Obesity, Inactivity, and the Prevalence of Diabetes and Diabetes-Related Cardiovascular Comorbidities in the U.S., 2000–2002

  1. Patrick W. Sullivan, PHD1,
  2. Elaine H. Morrato, MPH12,
  3. Vahram Ghushchyan, MS1,
  4. Holly R. Wyatt, MD3 and
  5. James O. Hill, PHD3
  1. 1Department of Clinical Pharmacy, School of Pharmacy, Pharmaceutical Outcomes Research Program, University of Colorado Health Sciences Center, Denver, Colorado
  2. 2Department of Epidemiology, Johns Hopkins Bloomberg School of Public Health, Baltimore, Maryland
  3. 3Center for Human Nutrition, University of Colorado Health Sciences Center, Denver, Colorado
  1. Address correspondence and reprint requests to Patrick W. Sullivan, PhD, University of Colorado Health Sciences Center, School of Pharmacy, 4200 East 9th Ave., C238, Denver, CO 80262. E-mail: patrick.sullivan{at}uchsc.edu


OBJECTIVE—Obesity and physical inactivity are established risk factors for type 2 diabetes and cardiovascular comorbidities. Whether adiposity or fitness level is more important to health is controversial. The objective of this research is to determine the relative associations of physical activity and BMI with the prevalence of diabetes and diabetes-related cardiovascular comorbidities in the U.S.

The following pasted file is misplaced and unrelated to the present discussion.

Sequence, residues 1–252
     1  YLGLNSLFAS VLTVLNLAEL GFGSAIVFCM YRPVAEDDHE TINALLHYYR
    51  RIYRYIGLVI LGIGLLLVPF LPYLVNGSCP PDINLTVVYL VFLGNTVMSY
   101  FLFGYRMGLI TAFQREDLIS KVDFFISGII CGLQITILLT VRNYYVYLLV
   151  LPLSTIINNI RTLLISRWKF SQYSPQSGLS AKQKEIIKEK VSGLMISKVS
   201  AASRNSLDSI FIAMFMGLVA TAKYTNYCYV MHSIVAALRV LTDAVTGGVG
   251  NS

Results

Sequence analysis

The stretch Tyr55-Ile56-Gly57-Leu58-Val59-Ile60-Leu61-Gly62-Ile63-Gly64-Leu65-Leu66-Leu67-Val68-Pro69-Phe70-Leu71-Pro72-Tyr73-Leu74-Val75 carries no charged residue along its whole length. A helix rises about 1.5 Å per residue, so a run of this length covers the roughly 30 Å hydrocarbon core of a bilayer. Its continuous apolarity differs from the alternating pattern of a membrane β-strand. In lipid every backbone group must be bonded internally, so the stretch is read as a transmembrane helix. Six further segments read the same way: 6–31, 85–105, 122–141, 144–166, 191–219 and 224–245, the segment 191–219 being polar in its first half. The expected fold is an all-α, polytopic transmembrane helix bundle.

RESEARCH DESIGN AND METHODS—The Medical Expenditure Panel Survey (MEPS) is a nationally representative survey of the U.S. population. From 2000 to 2002, detailed information on sociodemographic characteristics and health conditions were collected for 68,500 adults. Normal weight was defined as BMI 18.5 to <25 kg/m2, overweight 25 to ≤30 kg/m2, obese (class I and II) 30 to <40 kg/m2, and obese (class III) ≥40 kg/m2. Physical activity was defined as moderate/vigorous activity ≥30 min ≥3 days per week.

RESULTS—The likelihood of having diabetes and diabetes-related cardiovascular comorbidities increased with BMI regardless of physical activity and increased with physical inactivity regardless of BMI. Compared with normal-weight active adults, the multivariate-adjusted odds ratio (OR) for diabetes was 1.52 (95% CI 1.25–1.86) for normal-weight inactive adults and 1.65 (1.40–1.96) for overweight inactive adults; the OR for diabetes and comorbid hypertension was 1.71 (1.32–2.19) for normal-weight inactive adults and 1.84 (1.47–2.32) for overweight inactive adults.

CONCLUSIONS—Both physical inactivity and obesity seem to be strongly and independently associated with diabetes and diabetes-related comorbidities. These results support continued research investigating the independent causal nature of these factors.


  • A table elsewhere in this issue shows conventional and Système International (SI) units and conversion factors for many substances.

    • Accepted April 19, 2005.
    • Received March 7, 2005.
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